Too many kids, not enough social worker

Top bureaucrat’s candid report spells out many problems, some successes



Social workers in Nunavut are handling too many cases without enough money or resources.

That’s just one complaint in a candid annual report by Norm Murray, the Government of Nunavut’s director of child and family services.

While Nunavut’s population has grown, the number of social workers has not. This means that 51 front-line social workers are too few to go around.

Social workers in Iqaluit, Cambridge Bay and Kugluktuk are handling more files than recommended by the Child Welfare League of Canada, the report said.

In some communities, the heavy case load is made worse by an agreement that sees social workers also functioning as probation officers for the Department of Justice. That should ease as the justice department gradually hires and distributes more probation officers of its own.

Finding social workers is another problem. Everywhere in Canada, turnover is high for social workers, who often burn out on the job.

The problem for Nunavut, said Murray earlier this month, is being able to replace social workers quickly.

His department is working on a standardized job description, so that when a social worker quits, an advertisement for the job can go up right away.

Nunavut is the only jurisdiction in Canada without a computerized child protection system.

Children in care are tracked through an Excel database that is manually updated and not always correct.

That makes it difficult for caseworkers to view files on a child. It also makes it hard for Murray to compile statistics that might help his department make a case for more funding.

And while life is already difficult for Nunavut’s social workers, it is made more difficult by a lack of resources for the children they are trying to help.

Nunavut has many foster families, mostly Inuit, but more are always needed.

Foster parents also need more training, but Murray says he’s “fearful” of importing a southern training program for Inuit foster parents. Instead, he hopes to see more grassroots foster parents associations starting, like the one in Iqaluit.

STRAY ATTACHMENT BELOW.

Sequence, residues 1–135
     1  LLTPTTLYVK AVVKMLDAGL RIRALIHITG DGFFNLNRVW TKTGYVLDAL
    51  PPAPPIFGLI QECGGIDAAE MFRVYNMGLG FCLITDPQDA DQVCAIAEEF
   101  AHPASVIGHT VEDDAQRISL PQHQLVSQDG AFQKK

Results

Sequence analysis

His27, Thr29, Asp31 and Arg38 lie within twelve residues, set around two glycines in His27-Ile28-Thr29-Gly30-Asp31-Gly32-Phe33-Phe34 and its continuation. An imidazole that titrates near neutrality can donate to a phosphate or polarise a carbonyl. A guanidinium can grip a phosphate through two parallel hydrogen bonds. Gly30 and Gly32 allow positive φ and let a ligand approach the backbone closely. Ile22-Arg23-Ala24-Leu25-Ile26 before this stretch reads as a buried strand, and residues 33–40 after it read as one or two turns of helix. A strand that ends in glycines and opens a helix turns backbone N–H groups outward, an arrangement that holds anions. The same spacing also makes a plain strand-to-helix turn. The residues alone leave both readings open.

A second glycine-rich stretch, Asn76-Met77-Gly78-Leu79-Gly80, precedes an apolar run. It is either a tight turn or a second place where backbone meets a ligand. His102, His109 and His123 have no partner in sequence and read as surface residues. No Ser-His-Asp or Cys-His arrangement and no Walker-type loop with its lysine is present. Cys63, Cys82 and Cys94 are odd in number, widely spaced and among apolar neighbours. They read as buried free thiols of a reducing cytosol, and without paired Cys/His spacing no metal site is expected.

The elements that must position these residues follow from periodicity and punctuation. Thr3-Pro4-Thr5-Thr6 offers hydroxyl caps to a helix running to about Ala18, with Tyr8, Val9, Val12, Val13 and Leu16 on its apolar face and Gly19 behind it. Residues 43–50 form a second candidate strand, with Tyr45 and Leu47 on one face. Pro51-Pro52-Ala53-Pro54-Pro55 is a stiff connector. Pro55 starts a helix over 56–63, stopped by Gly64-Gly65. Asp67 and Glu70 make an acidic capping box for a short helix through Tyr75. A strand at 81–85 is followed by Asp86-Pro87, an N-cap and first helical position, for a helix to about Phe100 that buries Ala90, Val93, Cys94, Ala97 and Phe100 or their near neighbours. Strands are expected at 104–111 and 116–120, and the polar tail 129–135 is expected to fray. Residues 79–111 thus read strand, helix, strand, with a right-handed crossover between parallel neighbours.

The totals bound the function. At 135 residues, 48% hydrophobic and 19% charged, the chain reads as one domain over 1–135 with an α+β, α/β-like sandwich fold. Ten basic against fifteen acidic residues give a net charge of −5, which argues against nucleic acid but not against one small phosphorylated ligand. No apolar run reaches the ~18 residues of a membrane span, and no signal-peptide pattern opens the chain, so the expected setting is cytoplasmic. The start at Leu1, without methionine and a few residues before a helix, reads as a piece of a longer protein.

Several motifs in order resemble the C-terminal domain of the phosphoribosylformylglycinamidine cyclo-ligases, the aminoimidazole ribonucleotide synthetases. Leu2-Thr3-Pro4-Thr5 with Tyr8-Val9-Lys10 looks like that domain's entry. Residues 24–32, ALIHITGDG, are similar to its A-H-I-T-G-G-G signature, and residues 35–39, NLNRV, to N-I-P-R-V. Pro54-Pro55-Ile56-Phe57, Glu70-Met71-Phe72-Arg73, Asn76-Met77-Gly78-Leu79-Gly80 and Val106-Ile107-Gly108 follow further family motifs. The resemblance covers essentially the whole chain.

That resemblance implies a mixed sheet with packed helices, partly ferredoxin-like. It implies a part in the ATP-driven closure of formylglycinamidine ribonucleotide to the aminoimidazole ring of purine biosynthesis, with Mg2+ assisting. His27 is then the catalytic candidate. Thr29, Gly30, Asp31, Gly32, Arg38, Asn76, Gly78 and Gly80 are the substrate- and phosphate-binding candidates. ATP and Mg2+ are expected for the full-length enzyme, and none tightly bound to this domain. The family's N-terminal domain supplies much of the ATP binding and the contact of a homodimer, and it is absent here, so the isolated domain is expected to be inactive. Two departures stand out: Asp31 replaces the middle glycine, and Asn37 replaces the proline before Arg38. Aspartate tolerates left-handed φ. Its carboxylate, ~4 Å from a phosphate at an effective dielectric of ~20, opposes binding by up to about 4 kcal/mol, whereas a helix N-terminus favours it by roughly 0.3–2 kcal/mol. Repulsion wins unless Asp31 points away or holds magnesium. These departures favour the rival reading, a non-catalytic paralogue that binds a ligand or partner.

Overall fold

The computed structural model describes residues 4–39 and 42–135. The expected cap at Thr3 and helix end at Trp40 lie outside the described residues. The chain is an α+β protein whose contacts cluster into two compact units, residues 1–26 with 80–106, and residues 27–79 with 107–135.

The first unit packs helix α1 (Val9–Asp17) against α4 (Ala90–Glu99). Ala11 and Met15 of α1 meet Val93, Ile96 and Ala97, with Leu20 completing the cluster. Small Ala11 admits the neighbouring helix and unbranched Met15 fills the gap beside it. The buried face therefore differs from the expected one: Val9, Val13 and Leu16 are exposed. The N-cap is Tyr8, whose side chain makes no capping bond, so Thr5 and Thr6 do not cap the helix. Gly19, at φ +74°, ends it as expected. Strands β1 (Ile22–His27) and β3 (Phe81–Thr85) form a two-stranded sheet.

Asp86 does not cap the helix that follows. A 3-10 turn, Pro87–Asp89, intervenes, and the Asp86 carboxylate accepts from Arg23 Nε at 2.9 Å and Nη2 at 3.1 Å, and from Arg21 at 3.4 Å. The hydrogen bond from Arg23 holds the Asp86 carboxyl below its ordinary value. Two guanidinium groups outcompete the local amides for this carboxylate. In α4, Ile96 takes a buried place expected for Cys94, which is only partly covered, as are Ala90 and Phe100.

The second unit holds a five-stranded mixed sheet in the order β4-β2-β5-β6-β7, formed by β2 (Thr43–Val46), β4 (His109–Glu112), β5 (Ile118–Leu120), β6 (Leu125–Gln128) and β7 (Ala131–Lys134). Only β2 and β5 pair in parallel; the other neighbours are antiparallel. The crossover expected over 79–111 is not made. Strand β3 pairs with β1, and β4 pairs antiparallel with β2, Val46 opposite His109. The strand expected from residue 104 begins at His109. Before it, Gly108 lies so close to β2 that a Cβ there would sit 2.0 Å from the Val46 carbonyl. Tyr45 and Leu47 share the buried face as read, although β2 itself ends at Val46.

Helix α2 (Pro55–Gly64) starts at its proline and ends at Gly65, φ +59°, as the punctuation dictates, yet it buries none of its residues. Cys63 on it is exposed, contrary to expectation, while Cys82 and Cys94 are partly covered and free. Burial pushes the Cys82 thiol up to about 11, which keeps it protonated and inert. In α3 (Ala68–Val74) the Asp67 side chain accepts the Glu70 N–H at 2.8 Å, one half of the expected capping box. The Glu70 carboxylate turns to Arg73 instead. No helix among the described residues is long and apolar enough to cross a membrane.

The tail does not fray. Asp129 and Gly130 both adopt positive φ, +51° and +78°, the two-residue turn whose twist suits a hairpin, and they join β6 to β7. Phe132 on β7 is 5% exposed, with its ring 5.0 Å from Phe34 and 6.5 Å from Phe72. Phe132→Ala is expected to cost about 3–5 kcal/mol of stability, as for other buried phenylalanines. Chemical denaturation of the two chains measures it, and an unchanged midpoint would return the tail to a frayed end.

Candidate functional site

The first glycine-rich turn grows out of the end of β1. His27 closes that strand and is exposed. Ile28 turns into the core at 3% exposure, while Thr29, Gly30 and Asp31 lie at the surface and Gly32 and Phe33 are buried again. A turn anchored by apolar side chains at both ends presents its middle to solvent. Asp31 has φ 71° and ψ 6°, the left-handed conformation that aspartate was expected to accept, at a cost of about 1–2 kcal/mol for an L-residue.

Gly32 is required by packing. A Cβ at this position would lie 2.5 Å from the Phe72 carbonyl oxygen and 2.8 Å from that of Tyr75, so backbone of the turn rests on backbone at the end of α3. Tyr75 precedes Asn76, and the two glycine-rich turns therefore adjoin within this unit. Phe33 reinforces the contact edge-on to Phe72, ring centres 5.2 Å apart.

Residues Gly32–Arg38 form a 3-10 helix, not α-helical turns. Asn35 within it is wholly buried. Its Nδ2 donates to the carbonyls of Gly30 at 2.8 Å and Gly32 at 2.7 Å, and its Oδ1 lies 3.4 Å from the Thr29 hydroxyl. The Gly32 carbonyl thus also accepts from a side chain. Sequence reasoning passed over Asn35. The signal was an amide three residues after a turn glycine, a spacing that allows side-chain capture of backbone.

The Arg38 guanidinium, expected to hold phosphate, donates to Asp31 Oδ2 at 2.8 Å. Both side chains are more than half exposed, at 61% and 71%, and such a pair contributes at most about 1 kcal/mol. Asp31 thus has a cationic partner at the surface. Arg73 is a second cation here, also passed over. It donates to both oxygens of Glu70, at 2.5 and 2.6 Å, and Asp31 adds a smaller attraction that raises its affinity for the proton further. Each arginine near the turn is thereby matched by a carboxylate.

Nunavut has an all-around shortage of facilities for kids with special needs.

There are two group homes for handicapped children, but no live-in facilities for children with behavioural disorders — in spite of the high rate of fetal alcohol spectrum disorder.

Instead, the territory spends millions of dollars sending children to homes in Edmonton and elsewhere.

Murray wonders whether these kids benefit in the end, when they return to their communities.

“Are we showing them a lifestyle they can’t have?”

The territory is in talks about building a youth group home, Murray said.

Services are also in short supply for Nunavut’s youth who are older than 16, and not automatically eligible for foster care, and younger than 18, when they could receive income support.

Support services agreements can provide these youth with money for rent, food and clothes, but that means the kids must find their own accommodation.

“We have to be very careful we don’t enter into an agreement with youth saying they don’t have to listen to their parents,” Murray said.

GN budget cuts are also beginning to affect youth services. Recently one job was cut at the Isumaqsunngittukkuvik young offenders centre in Iqaluit, taking one more youth worker off the floor.

In general, Murray says, social workers in Nunavut find they do not have to protect children from abuse.

“More children come into care through neglect,” he said.

Murray meets regularly with counterparts from other parts of Canada, and said that social work is somewhat different in Nunavut.

“In some ways we’re ahead,” Murray said.

Many programs are voluntary. The goal is to keep families together as long as possible. Social workers try to help families before taking the major step of taking kids away. That can mean providing money for a crib, or finding a babysitter when a parent has to go away for medical reasons.

Murray recently shared some policy documents on placing children with other family members before looking at foster care.

“They’re just starting to look at kinship placements in the South. We’ve been doing that for 18 to 20 years.”

While Nunavut’s social services are troubled, the department has made several improvements since 1999.

Pay rates for foster parents went up and is now the highest in Canada, and a foster parent handbook has been published.

Training for new social workers has been improved, and child protection standards have been imposed. Until 2001, many social workers left Nunavut for reasons of professional liability, Murray wrote in a previous annual report.

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